With Europe still on edge over the risk of an extended Nord Stream shutdown in 24 hours, moments ago Russian President Vladimir Putin eased tensions when he said that Russia would fulfill its commitments to supply natural gas to Europe, but he warned that flows via the Nord Stream pipeline could be curbed soon if sanctions prevent additional maintenance on its components.
Translation: as we predicted, Putin will resume NS1 flows, but at levels at or below the pre-repair “new normal” of 40%.
As we reported previously, Nord Stream 1, the main artery for Russian gas to Europe, is currently down due to regular maintenance and European governments are worried the Kremlin won’t restore its flow when the work ends Thursday, roughly around the time the ECB announces a historic rate hike (as much as 50bps according to the latest press reports). A prolonged outage could lead to an even greater energy crisis, prompting governments to ration energy, hurting industry and sending the country into recession even faster.
Putin echoed comments made late Tuesday after his visit to Tehran, where the Russian president said that Kremlin-controlled energy exporter Gazprom PJSC, pipeline operator’s majority shareholder, “has always fulfilled and will fulfill all of its obligations.”
But he added that flows might fall to some 20% of capacity as soon as next week if a critical pipeline turbine that was undergoing repairs in Canada isn’t returned to Russia soon. Putin said that another turbine had to go for maintenance on July 26.
Even before the maintenance began, Gazprom last month cut deliveries on the pipeline to 40% of its capacity, blaming Canadian sanctions that had prevented the return of the turbine being repaired there. European officials have dismissed the turbine explanation as a pretext for Moscow to try and wreak economic havoc on the continent.
Germany has been racing to return the turbine to Russia after Canada earlier this month tweaked its own sanctions, allowing turbines for the Nord Stream pipeline to be repaired and returned to Russia.
In response to the threat of a complete Russian shutdown, the European Union has been pressing governments to step up their energy-conservation campaigns, rolling out new plans for possible rationing on Wednesday. The commission’s plan is expected to offer guidelines for curbing energy use and establish criteria governments can use to determine which industries to give priority to if there isn’t enough gas to go around. The guidelines also call for public buildings to limit air conditioning to 77 degrees Fahrenheit and cap thermostats at about 66 degrees during colder months.
Earlier this week, news hit that Gazprom invoked force majeure for its failure to deliver contractually agreed natural-gas shipments, according to European energy companies. It isn’t clear whether the notice—a legal declaration that exempts the company from fulfilling contractual obligations because of circumstances outside its control—covers a potential decision by Russia not to resume Nord Stream flows after the maintenance.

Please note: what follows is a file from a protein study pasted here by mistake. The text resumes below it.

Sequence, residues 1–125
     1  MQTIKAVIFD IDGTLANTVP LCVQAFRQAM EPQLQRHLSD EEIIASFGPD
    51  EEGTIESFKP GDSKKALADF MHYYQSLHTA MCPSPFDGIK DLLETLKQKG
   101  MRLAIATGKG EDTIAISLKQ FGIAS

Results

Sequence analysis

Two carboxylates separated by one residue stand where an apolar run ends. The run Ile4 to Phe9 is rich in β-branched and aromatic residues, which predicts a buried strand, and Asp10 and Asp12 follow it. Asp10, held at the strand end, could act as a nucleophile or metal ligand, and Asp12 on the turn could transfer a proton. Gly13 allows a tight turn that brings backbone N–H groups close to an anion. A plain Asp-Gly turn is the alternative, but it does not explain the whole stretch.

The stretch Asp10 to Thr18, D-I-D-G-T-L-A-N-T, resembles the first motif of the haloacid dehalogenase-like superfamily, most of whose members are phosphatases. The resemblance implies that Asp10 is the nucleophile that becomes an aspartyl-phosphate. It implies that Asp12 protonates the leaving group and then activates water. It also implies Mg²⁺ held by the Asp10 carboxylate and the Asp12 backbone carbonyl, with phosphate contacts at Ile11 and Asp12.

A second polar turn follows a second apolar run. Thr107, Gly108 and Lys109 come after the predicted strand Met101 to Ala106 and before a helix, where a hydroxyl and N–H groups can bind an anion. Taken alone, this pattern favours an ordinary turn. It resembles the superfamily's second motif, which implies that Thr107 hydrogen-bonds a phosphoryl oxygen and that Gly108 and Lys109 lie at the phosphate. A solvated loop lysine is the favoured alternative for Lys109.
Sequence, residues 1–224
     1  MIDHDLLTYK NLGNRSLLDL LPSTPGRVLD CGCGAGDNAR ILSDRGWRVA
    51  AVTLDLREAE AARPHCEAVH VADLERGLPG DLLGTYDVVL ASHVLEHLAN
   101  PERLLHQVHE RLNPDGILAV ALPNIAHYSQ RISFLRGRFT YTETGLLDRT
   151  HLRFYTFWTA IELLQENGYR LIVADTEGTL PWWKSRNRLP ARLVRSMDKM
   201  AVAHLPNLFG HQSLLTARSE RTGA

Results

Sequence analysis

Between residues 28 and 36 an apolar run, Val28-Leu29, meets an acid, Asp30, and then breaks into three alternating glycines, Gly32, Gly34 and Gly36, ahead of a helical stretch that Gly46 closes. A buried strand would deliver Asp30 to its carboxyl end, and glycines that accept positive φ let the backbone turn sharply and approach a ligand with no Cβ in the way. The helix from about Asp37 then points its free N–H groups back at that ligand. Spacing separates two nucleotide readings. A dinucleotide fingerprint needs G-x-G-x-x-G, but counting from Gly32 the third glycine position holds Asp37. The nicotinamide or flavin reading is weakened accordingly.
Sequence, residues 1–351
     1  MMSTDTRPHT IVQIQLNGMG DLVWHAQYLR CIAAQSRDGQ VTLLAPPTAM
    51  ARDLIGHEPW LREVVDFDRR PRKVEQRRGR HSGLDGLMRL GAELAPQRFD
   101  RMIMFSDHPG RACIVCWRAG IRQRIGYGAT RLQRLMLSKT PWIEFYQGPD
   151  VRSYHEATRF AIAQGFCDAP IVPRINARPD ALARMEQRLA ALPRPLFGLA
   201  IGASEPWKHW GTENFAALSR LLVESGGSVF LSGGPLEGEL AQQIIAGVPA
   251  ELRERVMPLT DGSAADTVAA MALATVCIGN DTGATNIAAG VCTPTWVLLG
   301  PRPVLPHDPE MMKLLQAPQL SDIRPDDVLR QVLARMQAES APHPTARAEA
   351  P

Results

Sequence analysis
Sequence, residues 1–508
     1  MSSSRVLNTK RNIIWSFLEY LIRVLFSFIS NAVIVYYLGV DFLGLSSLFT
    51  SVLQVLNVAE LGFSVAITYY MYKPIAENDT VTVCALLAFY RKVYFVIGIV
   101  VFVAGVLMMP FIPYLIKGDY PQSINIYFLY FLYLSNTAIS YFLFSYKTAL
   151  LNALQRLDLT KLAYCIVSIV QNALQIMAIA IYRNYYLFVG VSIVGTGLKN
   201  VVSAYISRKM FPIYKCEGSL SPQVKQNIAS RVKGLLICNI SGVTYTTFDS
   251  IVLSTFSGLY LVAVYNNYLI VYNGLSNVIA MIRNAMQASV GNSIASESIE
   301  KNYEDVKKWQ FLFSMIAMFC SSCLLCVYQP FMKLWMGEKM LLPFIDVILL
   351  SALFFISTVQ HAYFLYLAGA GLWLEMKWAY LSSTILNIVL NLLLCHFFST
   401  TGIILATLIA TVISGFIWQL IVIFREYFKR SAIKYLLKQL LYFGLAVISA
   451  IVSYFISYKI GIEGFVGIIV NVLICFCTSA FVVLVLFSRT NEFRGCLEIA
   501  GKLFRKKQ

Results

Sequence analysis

While some European officials have in recent days cast doubt on whether Nord Stream would come back online on Thursday, Putin’s comments helped fuel expectations that the pipeline would restart. Separately, flows of gas through the pipeline spiked several times on Tuesday, which analysts say could be pressure tests ahead of the end of the maintenance.
Analysts at Goldman Sachs said they expected the pipeline to come back online Thursday at its pre-maintenance capacity of 40%.
A full stop “would remove flexibility from Russia’s supply decisions, once you’re at zero, there’s only one place to go: up,” the bank wrote in a note to clients on Tuesday, adding that such a scenario would also deprive Russia of gas revenues.
Below we excerpt from the Goldman Q&A (the full note is available to professional subscribers).
1. Why would Russia not keep NS1 at zero?.
Most of the clients we have talked to over the past week are split between the 40% and the 0 flow scenario for NS1 post maintenance, with many market participants in Germany in particular expecting the pipeline to indeed remain at zero. However, we still don’t see NS1 staying at zero as a likely scenario, as (1) it would remove flexibility from Russia’s supply decisions (once you’re at zero, there’s only one place to go: up); (2) it would significantly reduce Russia’s gas revenues, limiting its upside from a potential spike in European gas prices under that scenario; and (3) it would force an even faster rate of gas production shut-ins in Russia. Although we don’t see these shut-ins as a geological/technical issue for Gazprom, they effectively delay an increasing share of its gas revenues until the end of the life of the wells. The large number of clients that have expected the pipeline to remain at zero post maintenance suggests a sell-off in European gas prices from current levels is likely in case NS1 returns to at least 40% of capacity from July 21st. This is in line with today’s TTF move, down 5 EUR at 154 EUR/MWh, following media reports suggesting NS1 will restart below capacity as scheduled. To be clear, under a 40% NS1 flow rate scenario, we don’t believe such lower prices would be sustainable, with a return to a 170 EUR TTF range likely in our view in order to generate enough demand destruction to help take NW European storage to 90% full by end-Oct22.